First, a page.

[Editor’s Note: Special thanks and congratulations to Peter for contributing his 100th movie review to Forgotten Flix!]
”They call them the haunted shores, these stretches of Devonshire and Cornwall and Ireland, which rear up against the westward ocean. Mists gather here… and sea fog… and eerie stories…
That’s not because there are more ghosts here than other places, mind you. It’s just that people who live here about are strangely aware of them. You see, day and night, year in, year out they listen to the pound and stir of the waves. There’s life and death in that restless sound… and eternity too. If you listen to it long enough, all your senses are sharpened. You come by strange instincts. You get to recognize a peculiar cold which is the first warning. A cold which is no mere matter of degrees Fahrenheit, but a draining of warmth from the vital centers of the living.
Loads of people tell me they would’ve felt it. Even outside that locked door. We didn’t! They can’t understand why we didn’t know what it meant when our dog wouldn’t go up those stairs. Animals see the blasted things that appear.
Well, my sister Pamela and I knew nothing about such matters. Not then we didn’t! We had the disadvantage of being Londoners, just down for a fortnight’s rest. That 10th day of May 1937 was the end of our holiday!”
I’m sorry for the lengthy introduction, ladies and gentlemen, but it’s such a great one that I just had to share it with you. It’s spoken in a voice-over by Roderick Fitzgerald at the start of the movie as we see dark waves crash against the cliffs. It sets up The Uninvited perfectly and is an excellent way to begin a good classic ghost-story, wouldn’t you agree? It tickles your imagination and makes you want to know more.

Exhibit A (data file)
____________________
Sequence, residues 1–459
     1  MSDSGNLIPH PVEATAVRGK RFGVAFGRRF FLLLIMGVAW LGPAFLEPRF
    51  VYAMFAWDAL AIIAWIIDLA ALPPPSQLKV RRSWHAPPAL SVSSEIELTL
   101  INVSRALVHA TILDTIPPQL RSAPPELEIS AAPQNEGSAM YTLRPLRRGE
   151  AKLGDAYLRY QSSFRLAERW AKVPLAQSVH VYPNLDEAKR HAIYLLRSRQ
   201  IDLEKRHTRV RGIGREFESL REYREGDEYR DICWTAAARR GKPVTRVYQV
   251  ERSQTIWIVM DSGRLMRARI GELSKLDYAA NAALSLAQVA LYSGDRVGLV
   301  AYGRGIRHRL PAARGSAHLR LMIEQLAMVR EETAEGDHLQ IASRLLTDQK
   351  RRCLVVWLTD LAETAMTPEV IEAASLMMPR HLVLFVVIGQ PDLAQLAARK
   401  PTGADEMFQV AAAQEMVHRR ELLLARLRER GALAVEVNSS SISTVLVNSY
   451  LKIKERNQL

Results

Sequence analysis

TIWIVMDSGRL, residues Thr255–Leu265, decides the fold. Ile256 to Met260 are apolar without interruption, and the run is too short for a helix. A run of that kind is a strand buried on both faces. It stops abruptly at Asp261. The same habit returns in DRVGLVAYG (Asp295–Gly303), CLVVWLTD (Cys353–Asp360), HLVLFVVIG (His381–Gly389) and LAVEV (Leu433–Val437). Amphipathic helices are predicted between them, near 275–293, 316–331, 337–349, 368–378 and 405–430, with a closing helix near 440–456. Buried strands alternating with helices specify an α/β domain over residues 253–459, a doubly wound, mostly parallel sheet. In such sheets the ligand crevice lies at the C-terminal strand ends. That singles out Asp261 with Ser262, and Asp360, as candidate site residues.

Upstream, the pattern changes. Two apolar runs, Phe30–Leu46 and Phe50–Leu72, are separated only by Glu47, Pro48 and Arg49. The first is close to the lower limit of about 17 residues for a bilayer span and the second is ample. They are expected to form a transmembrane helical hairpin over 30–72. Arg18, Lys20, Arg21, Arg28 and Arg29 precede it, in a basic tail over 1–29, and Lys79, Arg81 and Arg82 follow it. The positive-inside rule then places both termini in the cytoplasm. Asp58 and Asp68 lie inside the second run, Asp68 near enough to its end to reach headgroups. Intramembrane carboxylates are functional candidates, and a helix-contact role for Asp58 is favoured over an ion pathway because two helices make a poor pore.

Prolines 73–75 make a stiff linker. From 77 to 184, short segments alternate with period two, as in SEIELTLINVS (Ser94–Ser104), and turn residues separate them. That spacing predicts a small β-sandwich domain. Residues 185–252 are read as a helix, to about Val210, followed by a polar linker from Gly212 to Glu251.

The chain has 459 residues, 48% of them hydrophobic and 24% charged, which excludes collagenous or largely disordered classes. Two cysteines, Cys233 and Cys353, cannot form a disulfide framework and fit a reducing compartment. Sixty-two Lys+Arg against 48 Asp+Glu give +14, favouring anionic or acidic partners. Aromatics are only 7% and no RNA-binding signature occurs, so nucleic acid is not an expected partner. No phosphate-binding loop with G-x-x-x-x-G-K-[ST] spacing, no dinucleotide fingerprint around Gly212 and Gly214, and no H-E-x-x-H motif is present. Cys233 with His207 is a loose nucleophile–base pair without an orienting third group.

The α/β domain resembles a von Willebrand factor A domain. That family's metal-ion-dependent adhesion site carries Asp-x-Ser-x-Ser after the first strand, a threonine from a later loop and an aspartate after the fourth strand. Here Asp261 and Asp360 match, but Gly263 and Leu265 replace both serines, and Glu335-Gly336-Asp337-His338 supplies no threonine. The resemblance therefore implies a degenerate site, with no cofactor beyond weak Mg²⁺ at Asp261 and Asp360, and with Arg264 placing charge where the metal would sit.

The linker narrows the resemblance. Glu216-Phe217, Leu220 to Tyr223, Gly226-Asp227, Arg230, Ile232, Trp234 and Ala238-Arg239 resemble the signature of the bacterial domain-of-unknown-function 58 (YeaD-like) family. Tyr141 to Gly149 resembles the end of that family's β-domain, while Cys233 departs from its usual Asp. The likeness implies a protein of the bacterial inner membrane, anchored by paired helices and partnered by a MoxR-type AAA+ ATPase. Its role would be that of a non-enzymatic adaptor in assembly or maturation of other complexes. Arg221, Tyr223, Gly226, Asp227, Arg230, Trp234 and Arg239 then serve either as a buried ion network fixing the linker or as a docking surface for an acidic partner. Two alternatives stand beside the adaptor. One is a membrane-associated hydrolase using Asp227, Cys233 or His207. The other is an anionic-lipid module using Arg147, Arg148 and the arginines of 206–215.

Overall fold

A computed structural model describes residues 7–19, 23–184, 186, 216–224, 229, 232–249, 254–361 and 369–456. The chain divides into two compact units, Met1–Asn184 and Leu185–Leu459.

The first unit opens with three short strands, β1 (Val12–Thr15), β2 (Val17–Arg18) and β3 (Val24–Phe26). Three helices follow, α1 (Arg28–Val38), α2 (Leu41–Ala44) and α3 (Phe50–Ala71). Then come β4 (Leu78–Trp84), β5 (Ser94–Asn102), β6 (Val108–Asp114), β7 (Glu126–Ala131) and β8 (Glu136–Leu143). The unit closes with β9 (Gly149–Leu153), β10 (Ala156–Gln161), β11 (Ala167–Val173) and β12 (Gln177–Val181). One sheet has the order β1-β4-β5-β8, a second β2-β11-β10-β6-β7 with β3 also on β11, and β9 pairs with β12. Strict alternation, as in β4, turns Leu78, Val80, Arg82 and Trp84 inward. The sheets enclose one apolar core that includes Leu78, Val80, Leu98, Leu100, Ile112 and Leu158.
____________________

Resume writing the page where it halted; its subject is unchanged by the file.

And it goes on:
The siblings, Roderick and Pamela Fitzgerald, come across the beautiful, but empty Windward House while on a walk through the countryside. Their dog playfully chases a squirrel around the garden and when it escapes into the house through an open window, the dog promptly follows.
The couple enter to retrieve him, but while inside decide to have a look-around. They fall in love with the house and quickly agree to buy it if the price is right, of course. They ask around in the nearby village to find out if the empty house is for sale and, if so, who the owner is.
The house is owned by Commander Beech and upon arriving at his house, Roderick and Pamela are greeted by his 20-year-old granddaughter, Stella Meredith. She invites them in to wait for the Commander, but when she finds out they want to buy Windward, her mood immediately changes. The siblings think it strange, but then Stella’s grandfather arrives and they quickly decide on a fair price. Pamela and Roderick are soon the proud new owners of Windward House.
They return to the house later that day and since they now have the keys, they can finally check out the only room they couldn’t enter on their first visit. It’s on the second floor and turns out to be some kind of artist’s studio, but contrary to the rest of the house, it feels strangely cold and damp. It also gives them an eerie sense of unease. And, for some reason, their dog refuses to go upstairs, but they just shrug it off and think nothing more of it.
The next day, Roderick is to go back to London for a couple of weeks to settle their affairs and also to bring back their housekeeper, Lizzie Flynn. In the village, before leaving, he bumps into Stella who apologizes for her rude behavior the day before. The two spend a couple of hours together and he finds himself slowly falling for her. When he returns, he finds the house fully furnished and full of life, but the housekeeper’s cat also refuses to go upstairs!